In the short term--only through 2007--clients who are at least 70 1/2 may donate up to $100,000 to charity directly from an IRA. No tax will be due on amounts that are donated in lieu of taking the money as a required distribution. But there is no double dipping, and no tax deduction is available for the donation. Clients should consult their tax preparers about this, but direct donations may make the most sense for those who do not need the income and who do not itemize their deductions for federal income tax purposes.
In general, when expected tax breaks are lost, it isn't good for your clients--and it isn't good for you. Following is an additional grab-bag of IRA tidbits that can put you in the good graces of your clients:
o Pay close attention to the wording of the custodial agreement before clients open a new IRA account. "All IRAs are not created equal," Rotenberg points out. Although the IRS permits wide latitude in investments and allows transfers to new custodians, those custodians may apply their own restrictions. Some impose closing fees. And some limit post-death transfers, effectively eliminating the stretch.
o Urge younger clients to consider conversion to a Roth IRA to "stop the bleeding," in Rotenberg's words, and reduce the eventual tax burden. True, they have to pay income tax on the IRA assets at the time of conversion, but later distributions to both owners and beneficiaries will be completely tax-free. Until 2010, income must not exceed $100,000 in order to make the conversion from a traditional to a Roth IRA. After that, income limits will be removed.
o If a trust is the IRA beneficiary--generally advisable only when the ultimate beneficiary is a minor, incompetent or otherwise in need of protection--the trust must meet specific IRS requirements. Otherwise, says Natalie Choate, an attorney with Bingham & McCutchen in Boston, stretch payouts over the ultimate beneficiary's life expectancy will be disallowed. Clients who need trusts should be careful to work with attorneys familiar with the IRS requirements.
o Don't automatically suggest a rollover from a 401(k) plan to an IRA. Instead, if the 401(k) holds large amounts of company stock, it may make more sense to pull out the stock and transfer the shares to a taxable account. Under the special rules governing net unrealized appreciation (NUA), tax is then due only on the cost basis. Even better, lower capital gains rates apply on any subsequent sale of the shares, even the very next day. When shares are in an IRA, ordinary income tax rates apply on distribution.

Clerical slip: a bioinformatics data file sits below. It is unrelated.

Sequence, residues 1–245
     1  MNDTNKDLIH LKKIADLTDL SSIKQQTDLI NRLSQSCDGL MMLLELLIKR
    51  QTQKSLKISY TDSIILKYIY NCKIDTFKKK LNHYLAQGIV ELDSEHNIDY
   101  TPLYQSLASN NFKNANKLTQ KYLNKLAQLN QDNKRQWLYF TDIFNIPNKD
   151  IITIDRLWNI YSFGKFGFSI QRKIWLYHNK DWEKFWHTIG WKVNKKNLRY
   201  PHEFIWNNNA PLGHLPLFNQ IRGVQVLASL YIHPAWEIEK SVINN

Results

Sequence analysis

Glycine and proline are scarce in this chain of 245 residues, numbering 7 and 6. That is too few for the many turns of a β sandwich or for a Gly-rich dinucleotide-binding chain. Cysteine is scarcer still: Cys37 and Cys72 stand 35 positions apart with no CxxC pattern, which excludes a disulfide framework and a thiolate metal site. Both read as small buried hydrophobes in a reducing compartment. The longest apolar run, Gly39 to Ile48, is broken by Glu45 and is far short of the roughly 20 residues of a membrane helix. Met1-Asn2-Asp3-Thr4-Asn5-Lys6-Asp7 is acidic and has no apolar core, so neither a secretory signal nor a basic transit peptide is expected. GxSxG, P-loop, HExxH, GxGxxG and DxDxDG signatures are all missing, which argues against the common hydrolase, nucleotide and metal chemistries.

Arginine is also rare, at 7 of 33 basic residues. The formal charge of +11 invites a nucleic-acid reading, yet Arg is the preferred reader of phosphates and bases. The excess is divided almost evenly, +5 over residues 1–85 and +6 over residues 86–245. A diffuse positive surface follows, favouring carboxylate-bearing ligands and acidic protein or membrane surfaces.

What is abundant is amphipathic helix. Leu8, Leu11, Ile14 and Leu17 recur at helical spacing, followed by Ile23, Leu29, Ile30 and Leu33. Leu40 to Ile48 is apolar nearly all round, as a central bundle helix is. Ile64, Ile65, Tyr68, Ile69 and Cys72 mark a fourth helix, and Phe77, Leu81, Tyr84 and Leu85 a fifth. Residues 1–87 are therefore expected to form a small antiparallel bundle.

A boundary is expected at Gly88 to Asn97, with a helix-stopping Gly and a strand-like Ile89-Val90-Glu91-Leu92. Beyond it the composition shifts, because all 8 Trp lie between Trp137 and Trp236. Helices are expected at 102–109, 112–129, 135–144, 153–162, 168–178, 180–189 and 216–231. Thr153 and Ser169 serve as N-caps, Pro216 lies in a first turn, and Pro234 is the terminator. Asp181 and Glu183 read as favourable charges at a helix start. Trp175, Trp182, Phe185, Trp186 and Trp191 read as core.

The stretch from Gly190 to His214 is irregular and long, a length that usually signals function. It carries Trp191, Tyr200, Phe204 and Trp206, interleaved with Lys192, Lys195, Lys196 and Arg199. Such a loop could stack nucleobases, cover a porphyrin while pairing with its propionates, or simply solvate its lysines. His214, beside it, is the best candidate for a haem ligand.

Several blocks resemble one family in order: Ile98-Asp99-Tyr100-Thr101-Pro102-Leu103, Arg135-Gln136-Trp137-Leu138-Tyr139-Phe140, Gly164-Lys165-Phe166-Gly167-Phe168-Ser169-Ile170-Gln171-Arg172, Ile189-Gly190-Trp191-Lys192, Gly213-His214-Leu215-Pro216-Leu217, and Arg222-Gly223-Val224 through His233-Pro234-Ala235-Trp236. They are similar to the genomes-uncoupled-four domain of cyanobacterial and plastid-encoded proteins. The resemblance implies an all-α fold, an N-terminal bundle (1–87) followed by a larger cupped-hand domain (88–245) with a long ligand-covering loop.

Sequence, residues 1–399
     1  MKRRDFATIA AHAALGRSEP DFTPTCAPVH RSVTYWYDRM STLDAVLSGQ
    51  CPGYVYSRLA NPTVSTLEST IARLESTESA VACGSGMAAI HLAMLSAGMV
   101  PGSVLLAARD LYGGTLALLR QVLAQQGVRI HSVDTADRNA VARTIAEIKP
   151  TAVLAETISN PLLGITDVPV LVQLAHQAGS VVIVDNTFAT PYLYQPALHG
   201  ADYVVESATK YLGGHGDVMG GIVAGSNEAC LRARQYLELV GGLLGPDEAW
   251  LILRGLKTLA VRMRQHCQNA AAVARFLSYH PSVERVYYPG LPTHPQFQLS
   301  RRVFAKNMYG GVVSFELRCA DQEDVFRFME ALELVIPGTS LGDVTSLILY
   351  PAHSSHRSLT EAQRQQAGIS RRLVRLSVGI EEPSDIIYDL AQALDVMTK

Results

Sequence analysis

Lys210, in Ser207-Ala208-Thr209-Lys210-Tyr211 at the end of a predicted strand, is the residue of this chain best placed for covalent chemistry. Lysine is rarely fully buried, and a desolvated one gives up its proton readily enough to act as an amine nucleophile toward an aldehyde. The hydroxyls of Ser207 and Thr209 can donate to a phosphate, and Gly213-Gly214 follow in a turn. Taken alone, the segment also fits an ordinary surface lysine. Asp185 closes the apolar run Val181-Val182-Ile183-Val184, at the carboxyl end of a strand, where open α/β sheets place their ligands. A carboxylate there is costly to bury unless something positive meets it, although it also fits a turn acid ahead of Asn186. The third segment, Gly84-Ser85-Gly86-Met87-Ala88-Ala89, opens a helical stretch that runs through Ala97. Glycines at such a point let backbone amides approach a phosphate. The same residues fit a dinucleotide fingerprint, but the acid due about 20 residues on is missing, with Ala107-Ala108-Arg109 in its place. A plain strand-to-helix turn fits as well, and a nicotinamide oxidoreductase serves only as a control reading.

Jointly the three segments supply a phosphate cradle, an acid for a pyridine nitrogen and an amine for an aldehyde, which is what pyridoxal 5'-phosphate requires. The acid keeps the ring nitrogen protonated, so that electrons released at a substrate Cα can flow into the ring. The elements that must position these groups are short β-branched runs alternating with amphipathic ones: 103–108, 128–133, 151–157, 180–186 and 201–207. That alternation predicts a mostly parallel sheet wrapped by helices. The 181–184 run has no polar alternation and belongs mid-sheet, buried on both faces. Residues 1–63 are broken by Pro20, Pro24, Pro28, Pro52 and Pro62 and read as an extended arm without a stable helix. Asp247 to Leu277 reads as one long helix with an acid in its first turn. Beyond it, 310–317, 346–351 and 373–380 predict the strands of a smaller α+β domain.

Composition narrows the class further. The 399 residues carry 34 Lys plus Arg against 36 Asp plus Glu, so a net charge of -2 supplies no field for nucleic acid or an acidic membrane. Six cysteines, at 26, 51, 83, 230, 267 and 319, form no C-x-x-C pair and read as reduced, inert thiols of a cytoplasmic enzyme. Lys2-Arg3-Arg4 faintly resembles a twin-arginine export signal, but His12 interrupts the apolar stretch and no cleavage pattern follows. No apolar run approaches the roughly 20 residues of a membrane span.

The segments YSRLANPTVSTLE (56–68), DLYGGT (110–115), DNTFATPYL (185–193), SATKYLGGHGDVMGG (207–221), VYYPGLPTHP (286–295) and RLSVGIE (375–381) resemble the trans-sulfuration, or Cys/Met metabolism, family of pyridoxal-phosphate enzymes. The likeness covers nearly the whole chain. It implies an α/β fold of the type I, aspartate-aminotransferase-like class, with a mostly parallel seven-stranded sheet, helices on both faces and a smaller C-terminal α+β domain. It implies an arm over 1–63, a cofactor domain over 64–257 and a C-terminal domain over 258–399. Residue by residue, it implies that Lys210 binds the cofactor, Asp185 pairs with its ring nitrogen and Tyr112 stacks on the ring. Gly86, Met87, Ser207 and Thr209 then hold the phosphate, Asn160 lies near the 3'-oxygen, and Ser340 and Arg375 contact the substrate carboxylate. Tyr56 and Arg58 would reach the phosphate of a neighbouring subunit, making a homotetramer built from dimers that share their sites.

o Suggest life insurance to provide cash for estate tax if the money would otherwise have to come from an IRA. Money withdrawn from an IRA to pay estate tax is also subject to income tax.
o Let your clients know about "IRD," income in respect of decedent, a boon that Slott says is "the largest single deduction that most beneficiaries will ever get," yet one that is "missed by most accountants." When an IRA is subject to federal estate tax, a beneficiary who files an itemized federal income tax return is entitled to a deduction for the amount of federal estate tax attributable to the IRA. This is a miscellaneous itemized deduction, but it is not subject to the phase-out for adjusted gross income, and it is one of the rare exceptions to the alternative minimum tax. (For more about the IRD, see "A Sly Deduction," March, p.26.)
Clearly, IRA rules are so complex that most practitioners don't have the time to personally master the details. Successful firms, says Choate, have dedicated professional staff--not clerical workers--trained to follow through on the details. Doing it right means that problems can be headed off in the beginning, rather than engaging in the often fruitless attempt to secure a corrective ruling from the IRS.
Grace W. Weinstein, a freelance financial writer based in Englewood, N.J., is the author of 13 books, including The Procrastinator's Guide to Taxes Made Easy (NAL, 2004). A columnist and contributor to many national publications, she can be reached at firstname.lastname@example.org.